Yesterday, on the 29th of January 2017, six people were killed, and nineteen were injured in an attack on a mosque in Quebec City, Canada. For many international viewers of that headline, this may come as a shock because Canada has regularly been presented (and at times presented itself—looking at you, Mr.Prime Minister), as a diverse utopian haven of mixed culture. People often see Canada as the better, safer, friendlier version of America, removed from the violent racial history and rampant discrimination and antagonism plaguing our neighbors in the South. So to turn on the TV and see news of a gun attack, something usually resigned to the gun-crazy United States, was probably disturbing on multiple levels. What could have gone wrong?

There are many assumptions in the statements above that must be unpacked and disproved to answer that question. I’ll preface by saying that while Canada is objectively safer than the United States, Canada is not and has never been a nation devoid of racial divisions. The narrative between the Canadian government and Native American inhabitants is not an unfamiliar one. Before moving here, I rooted my knowledge about Native Americans in stories about Thanksgiving and how white settlers had wronged Native Americans in the United States. Somehow, Canada managed to escape that narrative and be portrayed as better in comparison, despite the homeless population of Indigenous people in cities like Montreal proving entirely otherwise. Moreover, Canada has not managed to escape the growing trend of Islamophobia, xenophobia and white nationalism which cannot be misconstrued as an “American Problem” and must be understood as a global phenomenon.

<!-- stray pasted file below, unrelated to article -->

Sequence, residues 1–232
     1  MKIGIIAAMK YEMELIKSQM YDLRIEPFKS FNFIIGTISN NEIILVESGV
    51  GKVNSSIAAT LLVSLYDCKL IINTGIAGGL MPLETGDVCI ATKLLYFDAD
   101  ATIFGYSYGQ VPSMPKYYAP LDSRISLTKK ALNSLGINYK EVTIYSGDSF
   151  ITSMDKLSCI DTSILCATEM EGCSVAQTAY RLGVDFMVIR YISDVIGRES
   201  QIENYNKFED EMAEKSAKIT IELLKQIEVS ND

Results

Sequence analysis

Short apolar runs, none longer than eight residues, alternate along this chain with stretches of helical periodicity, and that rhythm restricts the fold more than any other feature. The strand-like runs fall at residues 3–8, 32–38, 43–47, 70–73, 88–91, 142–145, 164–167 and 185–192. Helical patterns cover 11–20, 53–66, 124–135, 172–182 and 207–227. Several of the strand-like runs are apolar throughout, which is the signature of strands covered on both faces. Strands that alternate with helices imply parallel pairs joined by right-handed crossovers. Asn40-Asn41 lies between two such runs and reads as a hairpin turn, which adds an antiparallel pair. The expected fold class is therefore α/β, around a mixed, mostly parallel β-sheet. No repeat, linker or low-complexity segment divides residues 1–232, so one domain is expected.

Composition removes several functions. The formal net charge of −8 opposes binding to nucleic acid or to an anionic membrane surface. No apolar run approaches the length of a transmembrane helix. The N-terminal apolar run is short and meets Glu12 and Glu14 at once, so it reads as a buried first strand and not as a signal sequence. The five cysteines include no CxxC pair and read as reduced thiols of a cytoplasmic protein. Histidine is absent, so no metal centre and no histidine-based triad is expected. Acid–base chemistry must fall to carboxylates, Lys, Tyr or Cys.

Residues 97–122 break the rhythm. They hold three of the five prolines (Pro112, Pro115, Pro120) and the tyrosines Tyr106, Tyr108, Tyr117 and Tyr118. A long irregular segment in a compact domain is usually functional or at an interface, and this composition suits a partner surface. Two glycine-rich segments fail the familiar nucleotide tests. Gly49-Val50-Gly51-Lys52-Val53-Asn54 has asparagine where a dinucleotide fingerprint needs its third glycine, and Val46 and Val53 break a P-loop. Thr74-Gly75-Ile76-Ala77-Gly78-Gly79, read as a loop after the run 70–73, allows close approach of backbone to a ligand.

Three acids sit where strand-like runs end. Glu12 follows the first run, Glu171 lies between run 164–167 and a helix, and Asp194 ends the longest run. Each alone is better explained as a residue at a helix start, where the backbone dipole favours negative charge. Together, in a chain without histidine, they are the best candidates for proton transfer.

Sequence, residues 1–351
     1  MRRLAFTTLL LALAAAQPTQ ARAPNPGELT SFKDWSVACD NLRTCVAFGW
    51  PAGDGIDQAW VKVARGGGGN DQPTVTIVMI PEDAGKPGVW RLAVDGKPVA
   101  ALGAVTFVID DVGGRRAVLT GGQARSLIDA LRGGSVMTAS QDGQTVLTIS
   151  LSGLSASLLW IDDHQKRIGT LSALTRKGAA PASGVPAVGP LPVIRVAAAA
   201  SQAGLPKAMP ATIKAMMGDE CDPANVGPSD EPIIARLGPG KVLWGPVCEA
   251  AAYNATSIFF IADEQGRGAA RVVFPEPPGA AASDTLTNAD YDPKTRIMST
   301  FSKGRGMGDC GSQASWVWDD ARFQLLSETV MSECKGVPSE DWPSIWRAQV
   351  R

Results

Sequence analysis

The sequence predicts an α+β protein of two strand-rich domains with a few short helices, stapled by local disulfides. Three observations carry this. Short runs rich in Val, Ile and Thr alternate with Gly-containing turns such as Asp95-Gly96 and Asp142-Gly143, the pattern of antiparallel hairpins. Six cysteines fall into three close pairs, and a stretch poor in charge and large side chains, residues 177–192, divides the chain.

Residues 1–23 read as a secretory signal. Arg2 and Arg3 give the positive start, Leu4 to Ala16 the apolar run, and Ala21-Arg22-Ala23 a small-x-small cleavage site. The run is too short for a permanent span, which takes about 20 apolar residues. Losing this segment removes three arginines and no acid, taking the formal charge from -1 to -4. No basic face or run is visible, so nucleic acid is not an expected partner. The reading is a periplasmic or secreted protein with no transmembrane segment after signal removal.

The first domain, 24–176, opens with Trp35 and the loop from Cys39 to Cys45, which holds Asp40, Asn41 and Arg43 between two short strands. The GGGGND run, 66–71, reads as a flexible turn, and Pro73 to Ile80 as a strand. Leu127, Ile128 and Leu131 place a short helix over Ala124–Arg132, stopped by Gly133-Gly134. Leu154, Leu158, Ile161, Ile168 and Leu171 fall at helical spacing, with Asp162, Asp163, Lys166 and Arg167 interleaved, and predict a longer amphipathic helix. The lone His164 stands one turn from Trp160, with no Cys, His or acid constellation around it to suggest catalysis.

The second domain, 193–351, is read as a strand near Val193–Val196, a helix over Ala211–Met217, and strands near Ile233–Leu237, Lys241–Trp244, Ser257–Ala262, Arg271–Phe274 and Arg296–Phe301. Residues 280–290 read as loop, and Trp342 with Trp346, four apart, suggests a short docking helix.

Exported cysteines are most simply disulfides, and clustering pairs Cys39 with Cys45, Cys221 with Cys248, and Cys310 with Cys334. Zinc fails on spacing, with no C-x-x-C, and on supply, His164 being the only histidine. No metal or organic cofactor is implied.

This kind of sentiment isn’t new. We’ve seen it with Brexit. We’ve seen it with France’s policing of hijabs. We’ve seen it with Trump, and now we see it here. If the sentiment isn’t new, then there must be something about the current global climate that allows this blatant bigotry to be expressed by some, with such little fear of consequence. As someone who has had the unique experience of growing up in Nigeria, a country with a predominantly Muslim population, I cannot help but be fascinated by this. I grew up in a country where the sight of a veiled woman did not fill me with fear; Where it was normal to have friends with a Christian mother and a Muslim father. Where it was not unusual for a friend sleeping over to take time out to lay down a mat for evening prayer. But despite all this, I can understand the emotion behind the rising tension. Fear is one of the most basic human emotions, and as such, it is incredibly effective in controlling people and making them forget the social conditioning that has fostered things such as empathy and compassion. Religion can be a powerful tool, as it goes beyond the scope of human understanding and into something otherworldly. As such, men can be convinced to give their lives and do unspeakable things for what they believe is a greater or higher cause. To this extent, the concept of a human being motivated by reasons you cannot see or understand is terrifying.